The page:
For British television viewers, Billy Murray is a very familiar face. For over four decades he has been a prominent figure in popular drama, most notably as long-serving characters in the likes of ‘The Bill’ and ‘Eastenders’. But what TV viewers may not know, is that Murray is fast becoming an integral part of the British film industry.

As co-owner of Hanover Films, Murray acted as executive producer on RISE OF THE FOOTSOLDIER (2007) – co-starring THN’s very own Coralie Rose – a film that has gone on to sell almost 800,000 DVDs to date. Once Hanover decided to disband, Black and Blue Films producer Jonathan Sothcott approached Murray with a role in Martin Kemp’s STALKER.

Billy terrorizes Charlie Bond

‘I think we were halfway through shooting when they asked if I’d like to join Black and Blue Films as a producer,’ says Murray. ‘I agreed, thinking we’d just tick over and make occasional films every 18 months like most companies. But in the two years I’ve been part of it, we’ve made something like ten films.’

Though originally an actor, Murray understands the distinctions between his two roles. It’s also obvious he still has a great affinity for the acting side of his career, and hopes that his fellow actors still recognize him as one of their own.

‘You have to wear two different hats,’ Murray tells THN, ‘and you wear them at different times. When working on a film, what you don’t want is to walk into a room and someone who might have a gripe with production go quiet because the producer has just walked as opposed to a fellow actor. But there have been no gripes with Black and Blue – it’s run very smoothly.’ And does he see himself taking that even further step into directing? ‘No’, laughs Murray, ‘the thing I look for in a script is the old cliché days off… and you don’t get any days off as a director.’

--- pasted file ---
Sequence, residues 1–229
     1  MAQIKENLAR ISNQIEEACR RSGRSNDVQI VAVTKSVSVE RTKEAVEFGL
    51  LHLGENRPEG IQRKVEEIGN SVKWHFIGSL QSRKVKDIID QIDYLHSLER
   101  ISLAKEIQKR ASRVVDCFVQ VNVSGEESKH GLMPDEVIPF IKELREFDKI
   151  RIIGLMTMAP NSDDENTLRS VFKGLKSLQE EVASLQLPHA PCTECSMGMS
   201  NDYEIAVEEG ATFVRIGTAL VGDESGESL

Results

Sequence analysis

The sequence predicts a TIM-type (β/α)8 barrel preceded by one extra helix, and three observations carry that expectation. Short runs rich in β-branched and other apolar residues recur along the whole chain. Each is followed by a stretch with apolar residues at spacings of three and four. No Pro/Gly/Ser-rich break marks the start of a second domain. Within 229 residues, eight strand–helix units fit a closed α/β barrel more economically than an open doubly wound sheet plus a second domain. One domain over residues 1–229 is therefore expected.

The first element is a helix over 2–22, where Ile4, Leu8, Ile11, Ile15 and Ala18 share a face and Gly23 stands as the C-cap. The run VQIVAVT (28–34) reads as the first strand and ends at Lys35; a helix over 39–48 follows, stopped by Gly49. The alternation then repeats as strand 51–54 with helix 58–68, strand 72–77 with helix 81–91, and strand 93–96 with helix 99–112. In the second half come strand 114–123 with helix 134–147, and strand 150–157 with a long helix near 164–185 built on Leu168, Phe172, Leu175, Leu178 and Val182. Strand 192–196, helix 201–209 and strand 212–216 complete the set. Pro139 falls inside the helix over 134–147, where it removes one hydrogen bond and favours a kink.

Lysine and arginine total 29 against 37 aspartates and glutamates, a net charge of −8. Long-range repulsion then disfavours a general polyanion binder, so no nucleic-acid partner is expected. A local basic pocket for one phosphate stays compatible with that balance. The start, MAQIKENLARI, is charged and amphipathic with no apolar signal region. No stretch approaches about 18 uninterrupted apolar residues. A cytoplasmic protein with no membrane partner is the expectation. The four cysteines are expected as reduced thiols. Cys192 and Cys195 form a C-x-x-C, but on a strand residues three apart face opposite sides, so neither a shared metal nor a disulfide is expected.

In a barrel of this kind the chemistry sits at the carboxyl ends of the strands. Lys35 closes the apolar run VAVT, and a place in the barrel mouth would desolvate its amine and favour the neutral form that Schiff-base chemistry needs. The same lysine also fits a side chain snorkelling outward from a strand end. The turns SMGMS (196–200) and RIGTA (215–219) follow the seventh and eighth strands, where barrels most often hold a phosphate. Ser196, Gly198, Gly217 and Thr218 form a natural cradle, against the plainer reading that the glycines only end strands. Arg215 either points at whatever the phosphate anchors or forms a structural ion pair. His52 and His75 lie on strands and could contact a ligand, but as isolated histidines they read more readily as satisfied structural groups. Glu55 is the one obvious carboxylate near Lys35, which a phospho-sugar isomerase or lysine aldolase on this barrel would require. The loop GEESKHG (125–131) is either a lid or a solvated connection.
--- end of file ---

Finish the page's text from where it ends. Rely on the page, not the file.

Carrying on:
Billy Murray and Robert Englund

Though he has no plans to direct, Murray still has a creative vision for Black and Blue, and as both producer and actor, he undoubtedly has a strong influence over their films. He speaks confidently about the direction in which the growing studio is heading, and just what it is they are attempting to do differently.

‘We’re trying to keep the budget down,’ Murray says. ‘But we’re also making films that are good and have a stamp on them. And that doesn’t just mean the genre – but something that has the Black and Blue stamp on it.’

And Murray speaks of his company with total reverence – as does everybody involved – and there is an unmistakable camaraderie amongst the folks at Black and Blue Films. They are a happy team, and one that is extremely familiar with one another. ‘We’re very loyal,’ says Murray. ‘We use actors that we’ve got to know and have been good to us.’ A quick check through their back catalogue on IMDB should bring this point home: a number of well-regarded Brit actors regularly appear in their films, such as Danny Dyer, Craig Fairbrass, and not least of all, Billy Murray himself.

Billy Murray, Simon Phillips, and Jonathan Sothcott

His latest role is ‘Ferris’ in the brilliantly titled STRIPPERS VS WEREWOLVES, set for release later this year. Murray joins a cast of Adele Silva (DOGHOUSE), Barbara Nedeljakova (HOSTEL), and Robert Englund (A NIGHTMARE ON ELM STREET), for the horror-comedy, and as Ferris, leads a pack of murderous werewolves.

‘Ferris is in his twilight years,’ Murray tells THN, ‘but he’s werewolf through and through. He’s terrifying. Ferris meets a sticky end – but who knows? You can never kill a werewolf, you see…’

STRIPPERS VS WEREWOLVES has potential as a cult favourite, and with its howler of a concept, should appeal to comedy, horror, and action fans alike. Along with STALKER and Ryan Andrew’s ELFIE HOPKINS, it will build on Black and Blue Films’ already impressive CV, including DEVIL’S PLAYGROUND (2010) which bagged a number of British awards.

Billy Murray considers that in 10 years Black and Blue Films will be ‘huge’, though he acknowledges that the British film industry is a difficult environment in which to be producing. However, regardless of such difficulties, Black and Blue Films have done a sterling job in carving themselves a niche within the market so far, and at this rate, will no doubt meet Murray’s expectations.